My life in recon
The fresh clean air; the sound of birds chirping; I have to say, nothing beats living under a pile of sticks in the bush.
Now, I’ve lived under my fair share of piles (a pile of shoes at the gym, a pile of onions at a different gym, a pile of dirty laundry at home), but living under a pile of sticks, way out in the bush, is really something else.
When I first told my mates about my decision to move from my comfortable home in barracks to the bush (and under a pile of sticks, no less!), they understandably had some reservations. But some people just don’t appreciate the feeling of being out in nature, off the grid, and under a pile of something.
Yes, I think it’s safe to say that barracks life just wasn’t for me. For one thing, the buildings are way too clean and orderly. Either that or they end up being an emergency services search and rescue training aid after a weekend barracks party. And of course there are a fair number of medium‐sized buildings, which I’m not particularly fond of. But maybe worst of all is the fast-paced, hustle-and-bustle lifestyle. I mean, you can’t even sit down on the footpath, swinging your arms around and punching everyone in the legs, without someone coming up and barking at you to move it along. And if you’re thinking about trying to take a nap in the middle of a large, busy intersection, you might as well forget about it. Sure, you get used to getting run over all the time, but all that honking can make you dream about some pretty frightening things. Like a honking skeleton.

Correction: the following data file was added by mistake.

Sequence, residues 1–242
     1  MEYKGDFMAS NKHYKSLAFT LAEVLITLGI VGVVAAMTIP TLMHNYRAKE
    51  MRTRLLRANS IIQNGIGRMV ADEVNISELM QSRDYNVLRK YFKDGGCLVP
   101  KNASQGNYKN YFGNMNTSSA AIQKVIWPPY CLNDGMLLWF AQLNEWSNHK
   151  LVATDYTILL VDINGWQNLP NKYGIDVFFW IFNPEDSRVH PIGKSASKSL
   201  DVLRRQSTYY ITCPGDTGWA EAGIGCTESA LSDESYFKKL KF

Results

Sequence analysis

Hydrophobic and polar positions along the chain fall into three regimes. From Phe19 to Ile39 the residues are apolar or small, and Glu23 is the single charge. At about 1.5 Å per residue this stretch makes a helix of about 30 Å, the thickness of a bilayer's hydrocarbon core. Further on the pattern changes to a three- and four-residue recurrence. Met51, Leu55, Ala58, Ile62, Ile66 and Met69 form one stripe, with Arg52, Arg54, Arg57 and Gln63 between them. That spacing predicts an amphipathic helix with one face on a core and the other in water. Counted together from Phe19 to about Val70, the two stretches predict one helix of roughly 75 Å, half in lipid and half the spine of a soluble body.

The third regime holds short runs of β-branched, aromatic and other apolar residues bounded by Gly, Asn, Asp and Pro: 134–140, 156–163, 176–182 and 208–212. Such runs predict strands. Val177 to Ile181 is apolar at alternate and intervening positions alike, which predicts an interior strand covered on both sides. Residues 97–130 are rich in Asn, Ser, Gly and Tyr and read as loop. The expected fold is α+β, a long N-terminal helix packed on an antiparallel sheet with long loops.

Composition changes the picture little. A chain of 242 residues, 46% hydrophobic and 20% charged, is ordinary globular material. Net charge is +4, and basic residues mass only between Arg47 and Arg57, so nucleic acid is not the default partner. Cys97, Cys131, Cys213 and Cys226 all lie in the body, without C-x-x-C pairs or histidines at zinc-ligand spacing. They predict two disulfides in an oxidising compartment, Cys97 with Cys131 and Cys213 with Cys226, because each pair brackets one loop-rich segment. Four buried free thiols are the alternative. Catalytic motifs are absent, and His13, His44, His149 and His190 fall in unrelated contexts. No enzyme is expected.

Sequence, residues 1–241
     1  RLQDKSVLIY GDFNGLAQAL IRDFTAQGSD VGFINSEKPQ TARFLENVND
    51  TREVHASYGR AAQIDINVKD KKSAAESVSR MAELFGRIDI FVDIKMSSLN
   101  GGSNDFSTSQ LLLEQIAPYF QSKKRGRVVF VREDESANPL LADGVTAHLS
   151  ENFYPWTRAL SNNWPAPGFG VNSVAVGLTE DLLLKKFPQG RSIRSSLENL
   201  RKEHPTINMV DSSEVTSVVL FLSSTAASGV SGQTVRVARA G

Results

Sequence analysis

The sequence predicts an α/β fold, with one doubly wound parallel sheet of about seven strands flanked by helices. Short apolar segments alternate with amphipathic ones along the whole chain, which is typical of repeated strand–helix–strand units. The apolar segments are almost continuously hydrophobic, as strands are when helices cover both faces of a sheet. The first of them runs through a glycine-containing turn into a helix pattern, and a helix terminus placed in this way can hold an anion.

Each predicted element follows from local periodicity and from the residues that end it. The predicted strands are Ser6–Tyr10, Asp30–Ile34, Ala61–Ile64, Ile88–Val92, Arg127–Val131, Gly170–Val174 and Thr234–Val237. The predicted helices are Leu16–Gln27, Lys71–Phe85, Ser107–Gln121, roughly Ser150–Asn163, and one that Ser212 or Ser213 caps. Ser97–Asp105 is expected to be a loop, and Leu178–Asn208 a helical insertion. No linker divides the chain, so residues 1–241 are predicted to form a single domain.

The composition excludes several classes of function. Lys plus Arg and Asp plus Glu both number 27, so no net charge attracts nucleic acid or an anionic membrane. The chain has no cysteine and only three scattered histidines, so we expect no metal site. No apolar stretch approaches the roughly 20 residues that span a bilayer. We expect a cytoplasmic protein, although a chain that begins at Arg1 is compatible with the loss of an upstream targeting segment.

To be honest, though, the bush can also be quite scary at night (and terrifying in the day), and the sticks scratch my skin and are almost always poking me in the eyes and teeth.
Besides all that, I’m convinced that some of the bush creatures are demons in disguise, as they’re constantly speaking to me in the voices of my loved ones, whispering strange incantations and humming hypnotic melodies.
And sometimes the sticks poke me in the bum.
In my quieter, more reflective moments, when I’m not fighting off snakes or trying to attract snakes to eat the possums that eat my rations, I imagine people asking me if I ever get lonely, living in the bush, under this pile of sticks. And I always picture myself telling them the same thing: Of course I do. Cripplingly lonely.
But would I change a thing? Well, yes, I suppose I would. Everything, actually. At least everything regarding the bush and this stick pile, that’s for sure.
But I suppose at this point I’m just too set in my ways to change. I may fear and despise the bush (not to mention the pile [the stick pile, that is]), but they’re the only bush and pile of sticks I’ve ever known. And call me old-fashioned, but that still means something to me.
These kids today, when faced with circumstances that make them profoundly unhappy like digging a pit or erecting a tent, all too often they try to enact positive change to make for them a life that they find enjoyable and satisfying.
Well, these fickle youth may have lost their way, but not me!
So if you need me, I’ll be right here, under this pile of sticks in the bush, muttering a language that long ago lost any semblance to English and furiously attempting to massage some life back into my heavily infected legs.
Andrew Douglas is a long-suffering Aussie Digger who, after many hours of sitting in a pit with a notebook and pen writing his woes, has turned his hand to writing for leisure and entertainment in the comfort of his lounge room. He and his partner, Sonia, live in a 100-year-old home in southern NSW, where Andrew uses his home-repair skills to make improvements, such as being able to flush the toilet by turning on the garden tap.